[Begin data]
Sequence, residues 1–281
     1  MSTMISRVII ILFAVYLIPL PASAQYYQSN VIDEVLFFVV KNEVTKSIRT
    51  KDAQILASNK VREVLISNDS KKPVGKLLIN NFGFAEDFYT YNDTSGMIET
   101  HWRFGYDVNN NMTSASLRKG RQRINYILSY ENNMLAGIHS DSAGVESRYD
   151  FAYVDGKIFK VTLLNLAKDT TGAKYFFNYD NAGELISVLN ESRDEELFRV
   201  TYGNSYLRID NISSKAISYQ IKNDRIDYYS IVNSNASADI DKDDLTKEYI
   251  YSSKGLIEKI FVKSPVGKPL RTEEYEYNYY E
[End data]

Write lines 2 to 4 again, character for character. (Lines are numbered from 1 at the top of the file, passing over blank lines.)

     1  MSTMISRVII ILFAVYLIPL PASAQYYQSN VIDEVLFFVV KNEVTKSIRT
    51  KDAQILASNK VREVLISNDS KKPVGKLLIN NFGFAEDFYT YNDTSGMIET
   101  HWRFGYDVNN NMTSASLRKG RQRINYILSY ENNMLAGIHS DSAGVESRYD